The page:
This is part of a series exploring the seven lower Sephirot (spheres) of the Kabbalistic Tree of Life. These spheres are the seven core emotions that drive human interaction.
This week we are exploring the sphere of Netzach, which is the trait of enduring action.
what gets you started
is not what keeps you going
how do you sustain?
- On August 24, 2013, I resolved to put my fitness first in my day, before getting online. I have not missed a morning workout since then.
- On January 1, 2014, I decided to begin a daily gratitude practice and evening review ritual. It’s something I still do today. I haven’t missed a day in over 8 years.
- On December 30, 2015 I decided to commit to a practice of daily meditation. It’s still going.
- On October 30, 2017, I decided to publish a daily blog post. I haven’t missed a day since.
The question people most often ask me is
How do you keep it going?
A short answer would be: Netzach.
These streaks are examples of sustained effort and action, endurance, resilience, ambition, and drive toward a larger mission. These daily activities are also examples of persistent action even when I don’t see tangible results or receive feedback.
This factor is crucial to understanding the dynamics of Netzach in general and today’s specific aspect of Netzach.
The Midpoint of the Journey: Sustainable Endurance
Today’s trait in our Omer journey is Netzach of Netzach. It represents the exact mid-point of the Omer.
This represents the shift from inner to outer; from the realms of planning and thinking to doing. Netzach itself represents a push to action. But the motivating force that pushes us to start is rarely the thing that keeps us going.
What keeps us going is the question at the heart of Netzach of Netzach.
Netzach of Netzach can translate literally to many things, including “sustainable endurance.” It tells us what this journey is really about: developing the endurance to sustain our actions over the long term.
Persisting Through the Desert
This is the place where it’s easy to forget what we’re doing, so let’s zoom out for a moment to review the context. This journey began with Passover, where Jews celebrated their Exodus from Egypt, and culminates in the holiday of Shavuot, which celebrates when the Jews received the Torah. The 7-week period corresponds to the journey of the Jewish people through the desert.
The week of Netzach is the mid-point. The exodus from Egypt has faded in memory, but the new life that lays ahead is still just a faint image. We are in the middle of the desert. All we see around us is sand.
In the Hero’s journey, this is the place where the biggest obstacle arises.
The Biggest Obstacle: Lack of Feedback
Sometimes, that obstacle is not an object, but a lack of feedback or results that can motivate us to keep going.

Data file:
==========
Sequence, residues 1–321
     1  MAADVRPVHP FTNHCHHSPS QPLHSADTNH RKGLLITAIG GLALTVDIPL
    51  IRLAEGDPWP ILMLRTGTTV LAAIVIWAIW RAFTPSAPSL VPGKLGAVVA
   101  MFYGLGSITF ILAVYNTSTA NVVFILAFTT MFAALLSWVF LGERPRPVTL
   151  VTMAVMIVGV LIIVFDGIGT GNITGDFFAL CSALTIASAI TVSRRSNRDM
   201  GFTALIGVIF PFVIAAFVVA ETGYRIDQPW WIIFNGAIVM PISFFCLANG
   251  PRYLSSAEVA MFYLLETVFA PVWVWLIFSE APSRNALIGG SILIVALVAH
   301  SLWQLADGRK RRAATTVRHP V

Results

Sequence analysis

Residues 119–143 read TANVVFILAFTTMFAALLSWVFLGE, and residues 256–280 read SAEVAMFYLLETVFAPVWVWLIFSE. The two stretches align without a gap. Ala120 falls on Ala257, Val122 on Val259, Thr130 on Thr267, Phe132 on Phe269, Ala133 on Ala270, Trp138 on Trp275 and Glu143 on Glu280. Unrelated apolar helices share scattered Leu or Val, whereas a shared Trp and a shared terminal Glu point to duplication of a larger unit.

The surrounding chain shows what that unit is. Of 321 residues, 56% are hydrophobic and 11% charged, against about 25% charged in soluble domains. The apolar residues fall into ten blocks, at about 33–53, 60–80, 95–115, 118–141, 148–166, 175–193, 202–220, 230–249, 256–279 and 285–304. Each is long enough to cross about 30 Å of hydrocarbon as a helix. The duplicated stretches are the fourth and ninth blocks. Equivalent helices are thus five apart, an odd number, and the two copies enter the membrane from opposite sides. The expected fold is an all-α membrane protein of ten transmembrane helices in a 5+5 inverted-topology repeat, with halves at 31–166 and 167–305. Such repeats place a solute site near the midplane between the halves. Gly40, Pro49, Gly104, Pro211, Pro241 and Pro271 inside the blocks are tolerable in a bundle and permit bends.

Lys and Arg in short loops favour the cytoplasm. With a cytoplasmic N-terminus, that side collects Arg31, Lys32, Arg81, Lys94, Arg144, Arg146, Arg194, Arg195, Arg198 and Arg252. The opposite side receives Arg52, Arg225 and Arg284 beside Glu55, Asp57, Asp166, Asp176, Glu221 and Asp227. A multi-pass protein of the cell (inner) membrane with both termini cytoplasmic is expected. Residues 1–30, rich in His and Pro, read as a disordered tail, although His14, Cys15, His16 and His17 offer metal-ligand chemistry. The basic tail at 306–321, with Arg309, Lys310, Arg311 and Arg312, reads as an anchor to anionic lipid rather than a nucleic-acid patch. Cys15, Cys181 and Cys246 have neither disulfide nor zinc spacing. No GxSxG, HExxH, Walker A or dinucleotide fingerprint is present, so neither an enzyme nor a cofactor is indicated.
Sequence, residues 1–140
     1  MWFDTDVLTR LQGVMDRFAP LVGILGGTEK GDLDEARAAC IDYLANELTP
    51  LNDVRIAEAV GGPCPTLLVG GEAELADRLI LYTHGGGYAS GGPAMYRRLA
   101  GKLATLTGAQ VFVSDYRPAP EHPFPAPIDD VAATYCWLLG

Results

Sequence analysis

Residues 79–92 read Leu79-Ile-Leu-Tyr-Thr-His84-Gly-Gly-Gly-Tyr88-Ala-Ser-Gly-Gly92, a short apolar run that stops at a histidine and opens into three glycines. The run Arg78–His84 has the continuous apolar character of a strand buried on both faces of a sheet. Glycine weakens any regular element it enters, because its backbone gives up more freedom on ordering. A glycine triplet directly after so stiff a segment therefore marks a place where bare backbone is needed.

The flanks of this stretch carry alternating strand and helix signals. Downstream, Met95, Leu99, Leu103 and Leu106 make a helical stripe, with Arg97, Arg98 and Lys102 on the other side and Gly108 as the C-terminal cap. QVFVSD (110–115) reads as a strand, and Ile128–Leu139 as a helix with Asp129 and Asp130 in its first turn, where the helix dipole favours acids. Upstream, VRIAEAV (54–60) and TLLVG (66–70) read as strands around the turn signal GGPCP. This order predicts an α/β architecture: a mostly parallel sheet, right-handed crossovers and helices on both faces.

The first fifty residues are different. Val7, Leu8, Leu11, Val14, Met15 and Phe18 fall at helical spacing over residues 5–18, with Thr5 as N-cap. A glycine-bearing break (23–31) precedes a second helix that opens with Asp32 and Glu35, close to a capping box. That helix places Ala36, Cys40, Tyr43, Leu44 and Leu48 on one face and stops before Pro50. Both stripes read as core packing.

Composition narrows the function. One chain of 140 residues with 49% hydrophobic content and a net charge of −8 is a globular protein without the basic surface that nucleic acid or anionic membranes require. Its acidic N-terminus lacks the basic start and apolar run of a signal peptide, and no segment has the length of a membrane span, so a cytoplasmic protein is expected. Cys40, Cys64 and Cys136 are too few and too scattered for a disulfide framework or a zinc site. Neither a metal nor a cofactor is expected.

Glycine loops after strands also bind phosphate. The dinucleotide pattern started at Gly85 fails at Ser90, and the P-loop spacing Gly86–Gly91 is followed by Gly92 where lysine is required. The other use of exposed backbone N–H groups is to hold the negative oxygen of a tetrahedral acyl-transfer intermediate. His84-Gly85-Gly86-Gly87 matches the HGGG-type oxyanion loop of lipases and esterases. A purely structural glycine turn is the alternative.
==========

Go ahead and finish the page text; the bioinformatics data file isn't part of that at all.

A sense of progress is a strong motivating force. It’s easy to keep going when we can see the results of our efforts. When you’re building something tangible, like a building, you see your progress at the end of each day. This creates a sense of excitement luring you back the next day.
But when you’re building a business, or a platform, a body of work, or even physical, emotional, and spiritual capacity, it’s hard to see your progress.
How do you know your daily workouts are working? How do you know if your daily gratitude practice is creating shifts in your perspective? How do you know your meditation practice is working? How do you know your daily efforts at blogging are paying off?
Sometimes you don’t see or feel tangible results for months or years.
This is the point in the journey when we are in the vast wasteland of the desert, lacking the sustenance of feedback or tangible results that tells us whether our efforts are working.
Without that feedback, what fuels our drive to keep it going?
The Secret is in the Sphere
The answer to this question lies within the understanding of the sphere of Netzach itself. Netzach corresponds to the 4th day of creation. This is the day on which the sun, moon, and stars were created.
The sun, moon, and stars is how we mark the rhythms of days, months and years and the cyclical nature of time.
This is a crucial piece of information regarding endurance: the way to sustain endurance through the long arc of time is to work with the cyclical nature of time honor the cycles of the seasons.
The Seasonal Cycle
Every project, no matter how small, follows this seasonal model. Even an individual workout can be broken down into the seasonal components.
- Spring = the warm up
- Summer = the build of intensity
- Autumn = the peak moment of intensity and the start of the release
- Winter = the cool down and rest
By recognizing the seasons within any project or journey, we can better attune to where we are, how much effort is needed, and even where we can (or should) reduce efforts.
Find Sustainability Through Seasonality
I was following this seasonal cycle in my streaks before I ever learned about the seasonal cycles. Back in the early days of Fitness First, I often shared with people that not every workout was a hard workout. Some days I might take it easy and do something light. In retrospect, and with my current knowledge of the seasonal cycles, I can see that I was following those rhythms.
Sometimes my meditation practice is 20 minutes and sometimes it’s 2 minutes.
As I reflect on where I feel stuck lately, I realize that my blog is the place where I’ve found it most difficult to implement seasonality. As a result, it is the practice that most often turns into an energetic drain.
Netzach represents our drive, but even when we drive, we sometimes need to step on the brakes.
The way to sustain the practice is to find a way to incorporate seasonality into it.
As the late Kenny Rogers said,
You’ve got to know when to hold ’em Know when to fold ’em Know when to walk away And know when to run
Choose one project or daily practice in your life. How can you incorporate the concept of seasonality into that practice?